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Brainy wafer (Nov, 1969)

Brainy wafer
There are 64 complete electronic memory circuits on this chip of silicone (shown for size comparison on the nib of a pen). The circuits, which can transmit electronic signals in as little as 3-billionths of a second, are used in the buffer memory of IBM’s newest computer, System/360 Model 195.

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Ad: new digital magnetic tape transport (Jan, 1956)

new digital magnetic tape transport

the AMPEX FR200 for digital handling provides new performance standards, new convenience features and an unmatched excellence of design
NEW EASE OF TAPE CHANGE…
The time saving feature of single loop threading is provided by a lever which moves the idlers into a straight line. This arrangement eliminates chance of faulty threading by unskilled personnel.

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Ad: At your fingertips… the facts of business life (Jan, 1953)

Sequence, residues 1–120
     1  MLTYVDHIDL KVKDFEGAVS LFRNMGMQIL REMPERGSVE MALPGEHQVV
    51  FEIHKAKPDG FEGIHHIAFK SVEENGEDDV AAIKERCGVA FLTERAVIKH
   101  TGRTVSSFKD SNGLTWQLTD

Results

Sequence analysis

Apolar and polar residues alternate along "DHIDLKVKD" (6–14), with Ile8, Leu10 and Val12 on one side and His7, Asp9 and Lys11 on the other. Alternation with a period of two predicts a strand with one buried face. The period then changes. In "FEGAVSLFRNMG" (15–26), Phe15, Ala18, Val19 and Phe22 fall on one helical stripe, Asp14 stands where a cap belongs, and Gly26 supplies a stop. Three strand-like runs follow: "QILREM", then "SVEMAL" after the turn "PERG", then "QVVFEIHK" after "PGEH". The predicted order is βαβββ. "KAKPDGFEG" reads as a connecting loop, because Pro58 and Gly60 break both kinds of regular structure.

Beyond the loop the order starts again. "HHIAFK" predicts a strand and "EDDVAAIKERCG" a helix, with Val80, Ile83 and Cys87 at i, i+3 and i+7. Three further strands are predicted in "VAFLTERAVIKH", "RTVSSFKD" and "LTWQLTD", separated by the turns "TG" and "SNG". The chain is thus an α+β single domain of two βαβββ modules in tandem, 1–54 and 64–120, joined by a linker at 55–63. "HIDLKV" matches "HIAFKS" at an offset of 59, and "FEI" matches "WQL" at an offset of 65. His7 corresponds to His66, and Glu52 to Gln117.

At your fingertips…
the facts of business life

EVERYBODY is better off these days because the ever-mounting flood of business paper work is meeting its master in the incredible speed and accuracy of versatile office machines.
Thej go far bevond the limits of pen and pencil work to turn out invoked analytical jobs on an up-to-the-minute basis—digging out the facts of business life.

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Gauged To Perfection (Jan, 1955)

Gauged To Perfection

Perfection of the finished product requires precise control in the manufacture of jet fuel. Such control is vital in the refining of oil, as it is in most industries. And, with the coming of age of automation, the controls must not only be precise —they must also be supervised automatically.